On telling a reporter he had a hip flexor injury and skipping the field drills: "I just told them I really didn’t feel like doing it here. I was practicing working on my 40, I mean, on my combine work, and I just felt like I could do it on my pro day."
So hip flexors were never an issue?
"No, it’s fine."
On having concerns that skipping field drills would evoke more work ethic questions?
"No, I didn’t think so. I don’t think it should, but if they feel like it did, I can’t do nothing about it now. It’s over with. I look forward to my pro day."
It would have been fun to see Clowney's quick-twitch ability in the 20-yard shuttle, though he did do the three-cone drill in 7.27 seconds. Considering his short-area quickness and explosiveness, he might have put up even more mind-blowing numbers compared to his 40 time.
Leaping ability can showcase explosion, though, and Clowney did just that. With the high numbers he put up in the broad jump and the vertical leap, the amount of sheer ground the 21-year-old is capable of covering was on full display.
Granted, these limited drills were absent pads, opponents and the scrutiny that comes with being a top-flight draft pick and the expectations of immediate production that come with that label. But there is no question Clowney was facing serious pressure, especially after his underwhelming bench-press effort, and he delivered the goods this time around.
Although it's impossible to gauge how severe his hip flexor ailment was, those who questioned Clowney's work ethic and intrinsic motivation will probably be disappointed in him for not participating. Phil Savage was among those who criticized him, implying that Clowney may have been masking his shortcomings and said scouts would have to wait until South Carolina's April 2 pro day to find out for sure:
It was particularly off-putting in a way, considering Clowney said before that he would run through all the drills—not just three:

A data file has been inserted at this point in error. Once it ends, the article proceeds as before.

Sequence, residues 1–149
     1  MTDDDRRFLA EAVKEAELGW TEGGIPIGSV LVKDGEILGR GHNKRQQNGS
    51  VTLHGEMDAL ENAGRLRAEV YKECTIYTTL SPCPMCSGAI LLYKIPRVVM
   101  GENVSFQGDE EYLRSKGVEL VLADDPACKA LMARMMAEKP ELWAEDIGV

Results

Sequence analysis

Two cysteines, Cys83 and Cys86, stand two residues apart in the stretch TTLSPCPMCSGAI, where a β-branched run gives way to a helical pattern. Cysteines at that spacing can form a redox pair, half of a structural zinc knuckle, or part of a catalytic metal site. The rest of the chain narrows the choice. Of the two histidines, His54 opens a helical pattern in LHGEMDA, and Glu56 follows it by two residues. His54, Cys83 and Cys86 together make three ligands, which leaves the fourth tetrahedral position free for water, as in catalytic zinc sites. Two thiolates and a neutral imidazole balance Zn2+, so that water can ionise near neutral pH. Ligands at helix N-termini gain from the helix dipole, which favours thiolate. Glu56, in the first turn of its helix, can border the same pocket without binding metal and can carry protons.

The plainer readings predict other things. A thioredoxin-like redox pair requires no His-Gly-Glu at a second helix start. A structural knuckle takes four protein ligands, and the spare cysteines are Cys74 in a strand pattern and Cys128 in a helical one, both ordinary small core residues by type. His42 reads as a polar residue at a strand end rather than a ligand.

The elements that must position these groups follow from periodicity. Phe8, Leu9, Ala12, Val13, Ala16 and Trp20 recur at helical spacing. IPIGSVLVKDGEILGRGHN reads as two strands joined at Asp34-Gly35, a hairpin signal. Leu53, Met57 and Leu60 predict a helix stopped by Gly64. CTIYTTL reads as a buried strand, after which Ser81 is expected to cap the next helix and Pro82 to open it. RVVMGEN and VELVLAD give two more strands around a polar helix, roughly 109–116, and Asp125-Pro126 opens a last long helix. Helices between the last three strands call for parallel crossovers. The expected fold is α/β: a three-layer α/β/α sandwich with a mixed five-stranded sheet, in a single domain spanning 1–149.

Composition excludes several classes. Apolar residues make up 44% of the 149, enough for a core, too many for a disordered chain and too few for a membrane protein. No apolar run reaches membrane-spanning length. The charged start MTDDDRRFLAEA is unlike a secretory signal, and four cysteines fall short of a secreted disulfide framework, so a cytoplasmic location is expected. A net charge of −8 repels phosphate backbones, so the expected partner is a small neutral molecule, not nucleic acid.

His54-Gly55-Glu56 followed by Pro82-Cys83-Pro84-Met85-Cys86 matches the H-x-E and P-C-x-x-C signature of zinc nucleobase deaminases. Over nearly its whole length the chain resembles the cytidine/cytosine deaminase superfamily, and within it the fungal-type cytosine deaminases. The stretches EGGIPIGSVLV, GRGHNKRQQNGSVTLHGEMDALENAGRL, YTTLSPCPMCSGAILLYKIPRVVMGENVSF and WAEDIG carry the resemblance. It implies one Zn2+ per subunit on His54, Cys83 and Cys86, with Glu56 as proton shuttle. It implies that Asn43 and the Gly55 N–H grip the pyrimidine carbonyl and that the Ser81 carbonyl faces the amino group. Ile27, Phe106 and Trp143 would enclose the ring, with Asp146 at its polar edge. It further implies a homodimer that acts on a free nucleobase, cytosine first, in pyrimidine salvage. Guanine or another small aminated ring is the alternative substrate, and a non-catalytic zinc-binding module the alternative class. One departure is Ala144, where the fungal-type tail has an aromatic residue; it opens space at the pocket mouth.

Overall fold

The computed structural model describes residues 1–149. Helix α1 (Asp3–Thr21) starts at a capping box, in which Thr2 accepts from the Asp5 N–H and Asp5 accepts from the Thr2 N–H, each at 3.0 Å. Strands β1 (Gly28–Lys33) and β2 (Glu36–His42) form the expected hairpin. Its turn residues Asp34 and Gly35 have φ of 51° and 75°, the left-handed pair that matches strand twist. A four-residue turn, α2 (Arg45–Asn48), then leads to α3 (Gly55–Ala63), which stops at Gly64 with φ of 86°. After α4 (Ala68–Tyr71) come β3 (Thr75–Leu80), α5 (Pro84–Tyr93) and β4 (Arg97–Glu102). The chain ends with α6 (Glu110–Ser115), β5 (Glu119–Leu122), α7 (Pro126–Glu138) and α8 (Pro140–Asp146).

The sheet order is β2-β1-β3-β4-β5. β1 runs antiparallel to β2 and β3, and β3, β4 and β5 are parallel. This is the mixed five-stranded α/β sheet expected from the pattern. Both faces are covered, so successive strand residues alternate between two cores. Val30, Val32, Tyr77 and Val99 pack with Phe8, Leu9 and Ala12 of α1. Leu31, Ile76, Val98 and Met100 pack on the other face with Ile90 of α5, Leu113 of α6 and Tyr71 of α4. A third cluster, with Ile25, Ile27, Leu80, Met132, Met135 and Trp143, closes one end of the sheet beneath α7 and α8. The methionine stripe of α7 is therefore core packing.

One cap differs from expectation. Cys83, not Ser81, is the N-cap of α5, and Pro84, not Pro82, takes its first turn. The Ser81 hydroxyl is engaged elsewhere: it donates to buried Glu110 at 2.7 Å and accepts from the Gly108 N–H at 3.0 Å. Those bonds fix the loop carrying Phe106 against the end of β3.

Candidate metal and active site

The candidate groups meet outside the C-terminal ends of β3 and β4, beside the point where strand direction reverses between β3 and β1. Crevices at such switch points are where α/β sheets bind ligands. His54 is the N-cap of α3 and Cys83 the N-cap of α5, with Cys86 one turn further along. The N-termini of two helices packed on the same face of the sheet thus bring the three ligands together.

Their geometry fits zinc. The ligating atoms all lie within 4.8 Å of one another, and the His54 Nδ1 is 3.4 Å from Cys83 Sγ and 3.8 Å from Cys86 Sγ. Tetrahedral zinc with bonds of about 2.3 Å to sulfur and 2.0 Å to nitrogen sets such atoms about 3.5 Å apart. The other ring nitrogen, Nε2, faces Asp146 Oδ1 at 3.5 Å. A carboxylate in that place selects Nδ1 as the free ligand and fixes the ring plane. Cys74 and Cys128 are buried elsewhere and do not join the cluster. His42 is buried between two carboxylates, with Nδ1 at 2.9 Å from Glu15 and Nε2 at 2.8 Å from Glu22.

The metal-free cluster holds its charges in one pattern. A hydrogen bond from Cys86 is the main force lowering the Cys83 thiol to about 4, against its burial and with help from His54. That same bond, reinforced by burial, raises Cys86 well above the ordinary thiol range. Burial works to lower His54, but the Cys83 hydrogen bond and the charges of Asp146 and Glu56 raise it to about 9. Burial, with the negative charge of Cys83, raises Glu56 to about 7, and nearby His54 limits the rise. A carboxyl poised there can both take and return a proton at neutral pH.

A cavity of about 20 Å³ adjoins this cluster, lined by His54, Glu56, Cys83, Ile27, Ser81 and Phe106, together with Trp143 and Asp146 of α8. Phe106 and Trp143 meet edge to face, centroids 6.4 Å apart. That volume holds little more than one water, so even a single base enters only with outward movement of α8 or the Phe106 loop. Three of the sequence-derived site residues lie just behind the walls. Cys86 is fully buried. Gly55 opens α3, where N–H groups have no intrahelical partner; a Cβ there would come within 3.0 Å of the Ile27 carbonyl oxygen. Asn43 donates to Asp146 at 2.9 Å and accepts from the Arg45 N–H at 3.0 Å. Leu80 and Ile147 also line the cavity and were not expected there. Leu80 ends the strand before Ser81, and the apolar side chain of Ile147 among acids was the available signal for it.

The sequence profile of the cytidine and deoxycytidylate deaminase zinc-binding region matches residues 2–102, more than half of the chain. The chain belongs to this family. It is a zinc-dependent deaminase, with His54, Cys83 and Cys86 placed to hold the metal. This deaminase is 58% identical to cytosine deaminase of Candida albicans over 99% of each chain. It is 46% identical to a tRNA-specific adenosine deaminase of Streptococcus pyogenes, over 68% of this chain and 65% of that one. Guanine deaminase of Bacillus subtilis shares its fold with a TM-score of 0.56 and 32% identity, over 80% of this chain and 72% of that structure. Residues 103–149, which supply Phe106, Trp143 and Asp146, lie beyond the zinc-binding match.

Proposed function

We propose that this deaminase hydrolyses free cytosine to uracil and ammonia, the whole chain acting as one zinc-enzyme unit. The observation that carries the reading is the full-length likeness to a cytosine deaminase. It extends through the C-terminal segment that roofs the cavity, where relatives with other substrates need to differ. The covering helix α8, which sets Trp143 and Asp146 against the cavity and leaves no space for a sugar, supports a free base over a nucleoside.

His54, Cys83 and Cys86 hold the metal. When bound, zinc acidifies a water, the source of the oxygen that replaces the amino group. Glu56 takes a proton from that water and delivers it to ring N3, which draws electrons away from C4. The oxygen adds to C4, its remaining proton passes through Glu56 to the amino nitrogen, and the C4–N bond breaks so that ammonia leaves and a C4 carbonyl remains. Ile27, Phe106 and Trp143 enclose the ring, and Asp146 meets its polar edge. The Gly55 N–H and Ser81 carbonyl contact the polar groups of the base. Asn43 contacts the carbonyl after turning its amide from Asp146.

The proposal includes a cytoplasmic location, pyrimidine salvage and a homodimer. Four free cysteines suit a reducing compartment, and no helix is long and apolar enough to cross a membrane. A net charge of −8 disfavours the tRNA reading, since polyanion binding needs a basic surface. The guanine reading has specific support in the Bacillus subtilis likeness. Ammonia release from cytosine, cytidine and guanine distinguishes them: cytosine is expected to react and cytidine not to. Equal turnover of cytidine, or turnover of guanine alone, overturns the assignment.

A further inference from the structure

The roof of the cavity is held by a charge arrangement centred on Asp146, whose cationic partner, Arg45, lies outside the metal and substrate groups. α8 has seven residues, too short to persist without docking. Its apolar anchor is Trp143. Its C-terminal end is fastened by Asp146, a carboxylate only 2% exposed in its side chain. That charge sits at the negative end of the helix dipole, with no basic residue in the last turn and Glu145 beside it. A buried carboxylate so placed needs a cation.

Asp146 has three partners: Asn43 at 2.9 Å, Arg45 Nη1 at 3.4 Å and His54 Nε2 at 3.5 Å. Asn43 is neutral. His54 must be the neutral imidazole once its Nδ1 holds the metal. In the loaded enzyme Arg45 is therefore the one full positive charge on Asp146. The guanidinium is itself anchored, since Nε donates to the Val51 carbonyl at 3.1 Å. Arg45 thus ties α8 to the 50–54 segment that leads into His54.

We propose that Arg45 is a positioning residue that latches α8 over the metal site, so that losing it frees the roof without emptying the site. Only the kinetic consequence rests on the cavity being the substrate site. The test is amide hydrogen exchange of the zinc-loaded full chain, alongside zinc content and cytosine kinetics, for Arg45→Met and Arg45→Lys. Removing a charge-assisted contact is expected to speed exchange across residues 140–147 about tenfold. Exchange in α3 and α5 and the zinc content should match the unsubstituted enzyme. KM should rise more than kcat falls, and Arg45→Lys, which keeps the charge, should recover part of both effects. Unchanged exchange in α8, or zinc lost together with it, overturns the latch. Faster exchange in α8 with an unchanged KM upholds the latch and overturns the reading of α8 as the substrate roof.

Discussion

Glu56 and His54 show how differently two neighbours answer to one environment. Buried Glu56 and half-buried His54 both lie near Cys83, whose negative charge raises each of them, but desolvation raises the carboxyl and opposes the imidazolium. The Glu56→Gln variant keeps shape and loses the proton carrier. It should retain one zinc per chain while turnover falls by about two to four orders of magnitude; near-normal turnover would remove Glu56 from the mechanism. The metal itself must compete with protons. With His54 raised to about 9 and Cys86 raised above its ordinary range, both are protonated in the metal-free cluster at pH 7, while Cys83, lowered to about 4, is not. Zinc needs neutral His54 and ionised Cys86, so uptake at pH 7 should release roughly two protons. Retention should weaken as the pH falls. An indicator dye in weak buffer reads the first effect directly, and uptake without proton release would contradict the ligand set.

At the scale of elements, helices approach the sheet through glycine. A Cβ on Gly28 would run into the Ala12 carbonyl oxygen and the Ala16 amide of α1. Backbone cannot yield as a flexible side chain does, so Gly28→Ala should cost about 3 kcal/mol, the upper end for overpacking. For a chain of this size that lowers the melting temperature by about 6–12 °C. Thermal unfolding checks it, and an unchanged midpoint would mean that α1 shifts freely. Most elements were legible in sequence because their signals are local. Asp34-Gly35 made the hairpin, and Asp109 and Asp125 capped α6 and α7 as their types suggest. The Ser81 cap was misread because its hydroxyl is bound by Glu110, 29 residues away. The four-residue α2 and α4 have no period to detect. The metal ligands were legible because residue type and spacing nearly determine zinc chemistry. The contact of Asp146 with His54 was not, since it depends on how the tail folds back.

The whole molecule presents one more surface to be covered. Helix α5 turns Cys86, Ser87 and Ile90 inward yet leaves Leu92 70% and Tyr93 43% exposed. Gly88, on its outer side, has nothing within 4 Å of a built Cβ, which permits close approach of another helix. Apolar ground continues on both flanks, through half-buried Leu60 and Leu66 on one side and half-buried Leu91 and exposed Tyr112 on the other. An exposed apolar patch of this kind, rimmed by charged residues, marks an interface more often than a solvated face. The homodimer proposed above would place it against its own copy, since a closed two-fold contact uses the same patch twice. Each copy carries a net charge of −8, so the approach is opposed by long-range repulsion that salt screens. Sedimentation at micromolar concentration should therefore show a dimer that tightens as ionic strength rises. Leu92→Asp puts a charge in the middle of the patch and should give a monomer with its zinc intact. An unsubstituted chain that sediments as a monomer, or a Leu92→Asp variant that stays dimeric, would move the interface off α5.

The Houston Texans hold the No. 1 overall pick but could use a quarterback. Players like the hometown hero Manziel, former UCF signal-caller Blake Bortles and polished Louisville product Teddy Bridgewater will be on the board.
Count Gil Brandt of NFL.com as a skeptic of Clowney:
Being the top overall draft choice is a goal of Clowney's, since he's always been regarded as such a blue-chip prospect. He spoke on that in a report by the Florida Times-Union's Hays Carlyon:
That’s one of my goals here, to go No. 1. I came out of high school as the No. 1 player so I want to come out of here as the No. 1 guy. … In the Super Bowl, defense won that game, shut them down. You had a great quarterback in Peyton Manning, hats off to him also, but defense wins the Super Bowl
In light of Monday's workout, Houston should at least continue to consider pairing Clowney with fellow defensive end J.J. Watt to form one of the best tandems in the NFL. If Watt can instill a strong work ethic in Clowney and teach him how to be a pro from the beginning, there's no telling what the Texans could do defensively in the years to come.
If he'd had an underwhelming workout, Clowney's stock may have fallen a bit. Instead, he blew away the testing and remained a fixture in the conversation for the top selection in the 2014 draft. Questions may still linger about his work ethic, but some team early in the order will be getting a potential franchise-changing defensive player.